Developing Social Media Strategies That Keep Customers Coming Back

By Nicholas Pardon President & Chief Executive Officer, The Discoverer Network | February 03, 2019

It may seem simple, but the most effective way to create a solid social media strategy that engages current, past and prospective hotel guests in a meaningful way is to understand why people follow you.

When talking about resorts or hotels, social media is a logical platform to showcase the best your property has to offer. Strong visual content has the power to inspire your followers by allowing them to envision themselves at your property, creating an emotional connection that's difficult to achieve through other platforms.

Knowing your why can work the same for any hotel, whether business, family-oriented, resort or something else entirely. In many ways, this is a tried and true data-play: it's about understanding your primary audience.

Unfortunately, instead of truly understanding and finding their why, marketers in the hospitality industry often look for other social media accounts they can mimic and copy. But in doing so, they won't see the same success as those that ask themselves these key questions:

1. Why are people staying at their property?

2. What would motivate someone to follow them on social media (i.e. what value is the brand providing)?

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Eco-Friendly Practices: Corporate Social Responsibility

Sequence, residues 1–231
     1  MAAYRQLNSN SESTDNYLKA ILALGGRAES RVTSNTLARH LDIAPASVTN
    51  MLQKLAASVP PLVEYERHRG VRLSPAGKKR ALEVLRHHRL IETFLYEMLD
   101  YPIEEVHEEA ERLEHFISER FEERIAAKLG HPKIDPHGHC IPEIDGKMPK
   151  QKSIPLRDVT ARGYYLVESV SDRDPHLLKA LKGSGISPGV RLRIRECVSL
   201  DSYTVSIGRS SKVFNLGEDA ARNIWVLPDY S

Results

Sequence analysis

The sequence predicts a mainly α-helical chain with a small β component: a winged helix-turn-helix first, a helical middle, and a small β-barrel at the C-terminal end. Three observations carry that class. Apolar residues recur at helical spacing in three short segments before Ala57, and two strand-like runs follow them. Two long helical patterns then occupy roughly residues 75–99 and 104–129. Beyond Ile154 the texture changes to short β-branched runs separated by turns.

The hotel industry has undertaken a long-term effort to build more responsible and socially conscious businesses. What began with small efforts to reduce waste - such as paperless checkouts and refillable soap dispensers - has evolved into an international movement toward implementing sustainable development practices. In addition to establishing themselves as good corporate citizens, adopting eco-friendly practices is sound business for hotels. According to a recent report from Deloitte, 95% of business travelers believe the hotel industry should be undertaking “green” initiatives, and Millennials are twice as likely to support brands with strong management of environmental and social issues. Given these conclusions, hotels are continuing to innovate in the areas of environmental sustainability. For example, one leading hotel chain has designed special elevators that collect kinetic energy from the moving lift and in the process, they have reduced their energy consumption by 50%  over conventional elevators. Also, they installed an advanced air conditioning system which employs a magnetic mechanical system that makes them more energy efficient. Other hotels are installing Intelligent Building Systems which monitor and control temperatures in rooms, common areas and swimming pools, as well as ventilation and cold water systems. Some hotels are installing Electric Vehicle charging stations, planting rooftop gardens, implementing stringent recycling programs, and insisting on the use of biodegradable materials. Another trend is the creation of Green Teams within a hotel's operation that are tasked to implement earth-friendly practices and manage budgets for green projects. Some hotels have even gone so far as to curtail or eliminate room service, believing that keeping the kitchen open 24/7 isn't terribly sustainable. The May issue of the Hotel Business Review will document what some hotels are doing to integrate sustainable practices into their operations and how they are benefiting from them.